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LOS ANGELES, Dec 3 (Reuters) - A leading consumer research firm slashed its 2008 holiday retail sales forecast to a 3.5 percent drop from last year on Wednesday, far worse than its previous call for a 1 percent decline.
America's Research Group said the move follows "disappointing" Black Friday survey data showing that shoppers were sticking to budgets and checking gifts off their lists by snapping up deeply discounted doorbuster specials.
On Nov. 12, company founder and Chief Executive Britt Beemer forecast that the shrinking U.S. economy would usher in the first decline in holiday sales in almost a quarter century of holiday spending surveys. On Nov. 30, he said he expected to lower his estimate.
"I thought I was going to reduce my forecast but I thought I was going to go to minus 2 versus minus 3.5," he told Reuters in an interview.
"When you look at the numbers, you see that over the weekend consumers were frugal and focused, staying within their budgets and concentrating on the deals and advertised specials," said Beemer. He cited data from the third installment of the America's Research Group/UBS Christmas Survey conducted during the Black Friday weekend that marks the start of the holiday shopping season.
More consumers are mostly finished with their holiday shopping this year than a year ago, leaving retailers less room to squeeze out more sales.
Just over 19 percent of the 809 shoppers surveyed said they had finished 90 percent or more of their holiday shopping, compared with 13.6 percent last year. Nearly two-thirds of the respondents, or 63.1 percent, said they would finish their shopping in three days or less.
Disciplined shoppers were making lists and sticking to them, Beemer said. For example, 70.2 percent of consumers polled said they stayed within their budgets.
The survey showed that 88.1 percent of shoppers turned out for "early bird" specials on Black Friday and the same number said they bought items they saw advertised.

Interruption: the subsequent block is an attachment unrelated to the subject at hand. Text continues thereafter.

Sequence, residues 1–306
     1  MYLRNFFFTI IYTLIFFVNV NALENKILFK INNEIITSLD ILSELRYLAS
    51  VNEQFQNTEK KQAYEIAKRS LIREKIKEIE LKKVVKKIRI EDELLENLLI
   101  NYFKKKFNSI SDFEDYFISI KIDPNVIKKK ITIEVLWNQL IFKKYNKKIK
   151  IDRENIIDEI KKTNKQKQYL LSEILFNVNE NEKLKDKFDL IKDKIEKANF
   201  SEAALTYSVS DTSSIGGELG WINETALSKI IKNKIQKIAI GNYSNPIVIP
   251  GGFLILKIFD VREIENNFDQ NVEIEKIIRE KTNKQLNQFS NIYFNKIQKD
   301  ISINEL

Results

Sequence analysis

Of the consumers who said they planned to shop over the weekend, 37.0 percent shopped on Friday and another 37.0 percent did not shop at all, the highest numbers in over a decade, according to the ARG/UBS, which has an error factor of plus or minus 4.5 percent.
The U.S. economy has been in a recession since December last year. Job losses are mounting amid a global credit crunch that has made it more difficult for consumers to buy now and pay later.
As a result, demand for everything from cars to restaurant meals has fallen as worried consumers pay down debt and squirrel away cash.
None of that bodes well for retailers, who traditionally move from losses to profits during the holiday shopping frenzy, and some analysts are calling this the worst sales environment in almost two decades.
Retailers started slashing prices long before the holidays -- a strategy that boosts revenue and clears inventories but sacrifices profits.
Beemer said Wal-Mart Stores Inc (WMT.N) appears to be one of the industry's few winners.
The company, known for its aggressive discounting, has been outperforming rivals as the economy has weakened and the trend appears to be holding true this holiday season.
According to the survey 61.3 percent of consumers said they shopped at Wal-Mart for gifts, compared with 59.3 percent last year.
Beemer is expecting tepid sales up until the final weekend before Christmas, "when retailers get even more desperate."
After studying shoppers for nearly 30 years, he thinks consumer behavior is changing in ways that could endure for some time.
"Consumers have a new shopping pattern. I don't see things getting better any time soon. I think this is what we're going to be into for a long, long time," Beemer said. (Reporting by Lisa Baertlein; editing by Richard Chang)